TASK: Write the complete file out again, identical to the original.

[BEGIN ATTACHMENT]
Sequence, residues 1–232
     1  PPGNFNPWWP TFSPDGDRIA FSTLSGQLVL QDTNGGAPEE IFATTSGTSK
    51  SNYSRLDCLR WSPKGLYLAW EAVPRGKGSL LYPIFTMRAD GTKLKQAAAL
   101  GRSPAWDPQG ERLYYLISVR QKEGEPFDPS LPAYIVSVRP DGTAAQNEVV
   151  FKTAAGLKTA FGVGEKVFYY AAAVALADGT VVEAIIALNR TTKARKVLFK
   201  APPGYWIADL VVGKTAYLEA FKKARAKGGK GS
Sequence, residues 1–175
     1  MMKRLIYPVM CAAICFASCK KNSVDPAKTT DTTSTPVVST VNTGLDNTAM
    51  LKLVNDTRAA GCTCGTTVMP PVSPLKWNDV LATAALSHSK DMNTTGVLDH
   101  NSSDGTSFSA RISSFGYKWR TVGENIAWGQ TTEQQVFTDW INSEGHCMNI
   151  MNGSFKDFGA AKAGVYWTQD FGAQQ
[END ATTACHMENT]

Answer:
Sequence, residues 1–232
     1  PPGNFNPWWP TFSPDGDRIA FSTLSGQLVL QDTNGGAPEE IFATTSGTSK
    51  SNYSRLDCLR WSPKGLYLAW EAVPRGKGSL LYPIFTMRAD GTKLKQAAAL
   101  GRSPAWDPQG ERLYYLISVR QKEGEPFDPS LPAYIVSVRP DGTAAQNEVV
   151  FKTAAGLKTA FGVGEKVFYY AAAVALADGT VVEAIIALNR TTKARKVLFK
   201  APPGYWIADL VVGKTAYLEA FKKARAKGGK GS
Sequence, residues 1–175
     1  MMKRLIYPVM CAAICFASCK KNSVDPAKTT DTTSTPVVST VNTGLDNTAM
    51  LKLVNDTRAA GCTCGTTVMP PVSPLKWNDV LATAALSHSK DMNTTGVLDH
   101  NSSDGTSFSA RISSFGYKWR TVGENIAWGQ TTEQQVFTDW INSEGHCMNI
   151  MNGSFKDFGA AKAGVYWTQD FGAQQ